Background: Transcatheter closure of coronary artery fistulae (CAF) has emerged as an alternative to surgery, but there are no long-term outcome results. Objective: We report immediate and long-term results in 24 patients after transcatheter closure of congenital CAF. Methods: A total of 24 patients aged 5 to 56 years old with congenital CAF underwent attempted percutaneous transcatheter closure using various devices between November 1998 and August 2008. The immediate closure results and clinical follow-up were reviewed. Results: Of the 24 patients, 20 (83.3%) underwent successful transcatheter closure using various devices. An angiogram right after device deployment revealed complete occlusion in 15 patients (75%) and trivial- to-mild-residual flow in 5 patients (25%). Four patients (20%) had transient ST-T wave changes after the procedure. The left ventricular end-diastolic volume decreased from 165 ± 31.4 mm3 to 128.6 ± 24.4 mm3 (P = 0.012) 24 hours after procedure, and the cardiothoracic ratio from 0.57 ± 0.02 to 0.53 ± 0.01 (P = 0.003). Follow-up was 100% complete and ranged from 3 months to 10 years. There were no early or late deaths. All patients were asymptomatic with complete closure of CAF except 1 patient (5%) who had a recurrence of shunt at 6-month follow-up, which was re-closed by percutaneous technique. Conclusion: Transcatheter closure of CAF is feasible and safe in anatomically suitable vessels and is a promising alternative to surgery in most patients.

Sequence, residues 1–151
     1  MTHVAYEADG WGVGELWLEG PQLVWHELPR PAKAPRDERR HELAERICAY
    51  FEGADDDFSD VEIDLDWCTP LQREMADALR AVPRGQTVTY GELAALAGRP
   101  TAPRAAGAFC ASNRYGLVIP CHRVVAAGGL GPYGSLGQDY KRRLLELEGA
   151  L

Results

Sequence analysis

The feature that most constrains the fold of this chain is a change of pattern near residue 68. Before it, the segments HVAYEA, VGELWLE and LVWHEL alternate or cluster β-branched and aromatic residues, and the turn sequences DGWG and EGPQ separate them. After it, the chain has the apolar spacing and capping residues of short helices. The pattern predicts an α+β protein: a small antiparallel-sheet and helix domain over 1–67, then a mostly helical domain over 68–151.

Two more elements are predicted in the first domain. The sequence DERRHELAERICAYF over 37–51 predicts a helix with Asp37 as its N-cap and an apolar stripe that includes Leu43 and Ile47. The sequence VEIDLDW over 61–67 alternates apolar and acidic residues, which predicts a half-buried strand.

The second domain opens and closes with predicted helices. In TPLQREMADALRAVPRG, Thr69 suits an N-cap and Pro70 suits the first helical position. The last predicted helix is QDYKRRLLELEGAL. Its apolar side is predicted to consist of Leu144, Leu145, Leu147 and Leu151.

ASJC Scopus subject areas
- Cardiology and Cardiovascular Medicine